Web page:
MP shadows scientist
Press release issued: 14 January 2005
Dr Nick Walker from Bristol University's School of Chemistry was chosen by the Royal Society to participate in their MP-Scientist pairing scheme. Dr Walker was matched with Valerie Davey, MP for Bristol West. As part of the scheme he had to 'shadow' Valerie for four days in the House of Commons during early November, as well as spend time with her in her constituency.
Dr Nick Walker from Bristol University’s School of Chemistry was chosen by the Royal Society to participate in their MP–Scientist pairing scheme.
Dr Walker was matched with Valerie Davey, MP for Bristol West. As part of the scheme he had to ‘shadow’ Valerie for four days in the House of Commons during early November, as well as spend time with her in her constituency.
A reciprocal visit, when Valerie will shadow Nick in the School of Chemistry, has been scheduled for Friday 14 January.
There she will hear how important chemistry is in our every day life and learn about some of the exciting research going on in the department, such as trying to better understand how antibiotics work. She will also have the opportunity to talk to students and hear why they have chosen to study chemistry. The School of Chemistry is one of the largest in the United Kingdom and an internationally recognised centre of excellence.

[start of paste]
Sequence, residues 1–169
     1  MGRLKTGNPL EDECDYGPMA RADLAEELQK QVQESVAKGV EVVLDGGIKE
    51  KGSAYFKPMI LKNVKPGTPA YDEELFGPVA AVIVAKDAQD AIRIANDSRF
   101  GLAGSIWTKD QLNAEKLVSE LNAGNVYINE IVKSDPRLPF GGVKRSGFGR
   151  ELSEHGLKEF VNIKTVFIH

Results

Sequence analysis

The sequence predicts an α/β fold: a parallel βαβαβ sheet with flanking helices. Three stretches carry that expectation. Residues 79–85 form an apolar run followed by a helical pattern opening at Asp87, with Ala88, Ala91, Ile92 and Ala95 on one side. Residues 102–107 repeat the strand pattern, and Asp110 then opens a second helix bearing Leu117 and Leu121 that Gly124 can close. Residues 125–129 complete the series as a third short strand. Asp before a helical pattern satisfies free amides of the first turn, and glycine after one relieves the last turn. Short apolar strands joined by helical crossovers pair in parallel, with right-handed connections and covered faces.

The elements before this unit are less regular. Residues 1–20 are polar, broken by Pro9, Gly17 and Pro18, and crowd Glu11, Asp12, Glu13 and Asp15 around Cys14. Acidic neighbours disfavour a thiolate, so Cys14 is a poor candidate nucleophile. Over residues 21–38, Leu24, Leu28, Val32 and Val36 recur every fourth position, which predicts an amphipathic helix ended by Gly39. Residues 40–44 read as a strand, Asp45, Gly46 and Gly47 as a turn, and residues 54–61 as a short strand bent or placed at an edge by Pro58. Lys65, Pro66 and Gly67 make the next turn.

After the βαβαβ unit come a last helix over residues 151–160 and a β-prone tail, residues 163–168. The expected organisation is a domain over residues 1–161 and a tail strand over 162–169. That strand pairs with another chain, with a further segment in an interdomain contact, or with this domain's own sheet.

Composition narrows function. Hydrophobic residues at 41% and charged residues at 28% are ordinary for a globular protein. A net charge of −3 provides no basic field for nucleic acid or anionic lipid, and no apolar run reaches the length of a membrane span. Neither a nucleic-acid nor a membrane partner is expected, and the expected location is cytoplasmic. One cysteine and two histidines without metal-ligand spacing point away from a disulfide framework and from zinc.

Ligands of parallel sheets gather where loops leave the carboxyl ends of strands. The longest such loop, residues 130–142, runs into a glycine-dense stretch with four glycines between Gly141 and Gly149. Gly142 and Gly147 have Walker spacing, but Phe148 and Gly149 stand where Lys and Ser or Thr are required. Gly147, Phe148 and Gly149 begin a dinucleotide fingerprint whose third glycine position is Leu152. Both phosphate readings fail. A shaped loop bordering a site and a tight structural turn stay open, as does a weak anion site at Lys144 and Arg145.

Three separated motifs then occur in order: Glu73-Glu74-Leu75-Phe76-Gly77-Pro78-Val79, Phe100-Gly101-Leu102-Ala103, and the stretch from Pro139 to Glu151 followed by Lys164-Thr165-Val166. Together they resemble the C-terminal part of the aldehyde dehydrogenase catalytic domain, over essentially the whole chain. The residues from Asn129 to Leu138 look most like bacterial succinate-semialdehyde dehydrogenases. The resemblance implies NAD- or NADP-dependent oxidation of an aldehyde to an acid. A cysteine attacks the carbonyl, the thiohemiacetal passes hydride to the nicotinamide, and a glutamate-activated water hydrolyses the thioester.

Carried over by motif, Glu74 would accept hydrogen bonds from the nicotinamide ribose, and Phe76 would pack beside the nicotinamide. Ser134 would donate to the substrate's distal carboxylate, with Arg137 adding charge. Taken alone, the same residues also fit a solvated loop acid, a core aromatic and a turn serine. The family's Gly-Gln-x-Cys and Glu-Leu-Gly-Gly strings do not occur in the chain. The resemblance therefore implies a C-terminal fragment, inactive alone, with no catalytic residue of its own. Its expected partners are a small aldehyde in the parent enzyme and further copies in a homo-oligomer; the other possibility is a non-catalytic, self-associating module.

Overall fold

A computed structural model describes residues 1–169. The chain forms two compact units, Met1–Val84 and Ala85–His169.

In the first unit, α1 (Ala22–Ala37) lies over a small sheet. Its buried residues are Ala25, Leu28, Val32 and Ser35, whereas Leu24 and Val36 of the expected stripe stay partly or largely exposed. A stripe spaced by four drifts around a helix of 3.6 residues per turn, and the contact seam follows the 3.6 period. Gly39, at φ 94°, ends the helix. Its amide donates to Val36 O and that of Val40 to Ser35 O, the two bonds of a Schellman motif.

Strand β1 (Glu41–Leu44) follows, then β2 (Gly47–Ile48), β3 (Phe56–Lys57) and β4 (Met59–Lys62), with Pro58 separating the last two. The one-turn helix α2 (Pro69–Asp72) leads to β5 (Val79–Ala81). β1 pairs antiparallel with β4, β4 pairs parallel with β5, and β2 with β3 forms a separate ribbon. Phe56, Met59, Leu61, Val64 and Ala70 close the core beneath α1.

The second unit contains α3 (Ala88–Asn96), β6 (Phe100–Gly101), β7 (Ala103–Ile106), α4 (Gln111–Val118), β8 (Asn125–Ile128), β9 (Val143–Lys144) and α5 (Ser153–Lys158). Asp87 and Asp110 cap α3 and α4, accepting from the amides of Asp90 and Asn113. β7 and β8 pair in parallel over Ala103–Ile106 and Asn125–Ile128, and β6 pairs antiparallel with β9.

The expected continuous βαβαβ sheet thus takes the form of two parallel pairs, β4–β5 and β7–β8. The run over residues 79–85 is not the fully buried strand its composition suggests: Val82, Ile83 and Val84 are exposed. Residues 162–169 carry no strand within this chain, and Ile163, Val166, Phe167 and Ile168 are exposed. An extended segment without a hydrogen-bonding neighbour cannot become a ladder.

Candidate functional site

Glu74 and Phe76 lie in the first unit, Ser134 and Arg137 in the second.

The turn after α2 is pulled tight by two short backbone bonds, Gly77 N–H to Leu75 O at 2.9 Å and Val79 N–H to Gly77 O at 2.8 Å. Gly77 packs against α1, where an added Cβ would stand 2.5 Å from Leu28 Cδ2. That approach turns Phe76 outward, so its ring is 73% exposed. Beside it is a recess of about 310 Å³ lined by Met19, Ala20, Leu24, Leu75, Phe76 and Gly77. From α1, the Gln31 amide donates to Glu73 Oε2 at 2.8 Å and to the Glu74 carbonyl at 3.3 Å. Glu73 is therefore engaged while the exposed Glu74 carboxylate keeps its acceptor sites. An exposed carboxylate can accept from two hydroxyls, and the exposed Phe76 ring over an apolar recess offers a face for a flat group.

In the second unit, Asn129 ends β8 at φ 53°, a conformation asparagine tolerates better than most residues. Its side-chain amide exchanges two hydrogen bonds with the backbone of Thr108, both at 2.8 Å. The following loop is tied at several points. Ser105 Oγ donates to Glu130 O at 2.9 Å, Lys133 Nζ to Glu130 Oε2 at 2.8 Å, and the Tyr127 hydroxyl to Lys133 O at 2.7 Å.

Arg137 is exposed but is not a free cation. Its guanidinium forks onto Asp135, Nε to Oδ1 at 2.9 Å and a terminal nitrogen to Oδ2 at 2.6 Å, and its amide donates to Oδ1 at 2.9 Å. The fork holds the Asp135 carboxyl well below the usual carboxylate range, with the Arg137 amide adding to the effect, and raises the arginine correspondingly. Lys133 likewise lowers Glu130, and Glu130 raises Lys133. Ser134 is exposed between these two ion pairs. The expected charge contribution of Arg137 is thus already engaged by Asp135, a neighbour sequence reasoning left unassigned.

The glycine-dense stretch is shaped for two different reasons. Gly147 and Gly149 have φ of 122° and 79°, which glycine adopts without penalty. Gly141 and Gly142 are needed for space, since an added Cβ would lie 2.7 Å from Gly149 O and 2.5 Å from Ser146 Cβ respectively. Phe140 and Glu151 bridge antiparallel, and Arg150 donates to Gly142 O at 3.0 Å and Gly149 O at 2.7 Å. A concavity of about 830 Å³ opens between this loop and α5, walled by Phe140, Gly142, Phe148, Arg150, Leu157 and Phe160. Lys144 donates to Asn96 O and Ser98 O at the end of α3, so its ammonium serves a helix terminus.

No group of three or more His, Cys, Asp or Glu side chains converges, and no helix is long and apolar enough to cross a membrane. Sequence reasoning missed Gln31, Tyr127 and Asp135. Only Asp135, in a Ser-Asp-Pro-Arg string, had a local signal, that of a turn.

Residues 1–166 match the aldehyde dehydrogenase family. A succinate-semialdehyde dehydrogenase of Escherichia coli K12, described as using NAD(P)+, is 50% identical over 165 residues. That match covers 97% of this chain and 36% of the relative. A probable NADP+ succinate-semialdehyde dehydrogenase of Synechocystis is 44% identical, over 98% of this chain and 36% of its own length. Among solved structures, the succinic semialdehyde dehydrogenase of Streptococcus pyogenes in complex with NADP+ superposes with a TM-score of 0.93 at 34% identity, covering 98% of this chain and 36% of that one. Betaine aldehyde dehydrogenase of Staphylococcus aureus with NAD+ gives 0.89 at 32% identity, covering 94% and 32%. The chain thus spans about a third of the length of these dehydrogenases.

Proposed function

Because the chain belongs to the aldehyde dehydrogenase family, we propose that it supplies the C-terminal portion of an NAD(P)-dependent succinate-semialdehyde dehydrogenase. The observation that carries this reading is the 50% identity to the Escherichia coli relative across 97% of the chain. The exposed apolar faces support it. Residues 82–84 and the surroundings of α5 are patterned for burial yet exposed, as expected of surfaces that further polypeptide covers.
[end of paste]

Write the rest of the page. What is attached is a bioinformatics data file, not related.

Dr Walker said: “This has been the most fantastic opportunity to understand the pressures under which MPs operate. For example, while we were having lunch one day it was interrupted no fewer than three times as Valerie was called to vote on things. It has also helped me to better understand the parliamentary process and the methods by which we can advise MPs on scientific issues.”
Established by the Royal Society in 2001, the MP-Scientist Pairing Scheme aims to build bridges between some of the best scientists in the country and members of parliament. The scheme comprises three activities: a briefing by the Royal Society, a Week in Westminster, and reciprocal visits to the constituency office and the laboratory.
One of the aims of the scheme is to give MPs the opportunity to familiarise themselves with the processes of scientific understanding and topical research, enabling them to be better informed when making decisions.
While on the scheme Nick was asked by the Royal Society to keep a diary of his adventures. Extracts from this can be found at: www.bristol.ac.uk/university/publications/research/issue-8/westminster.pdf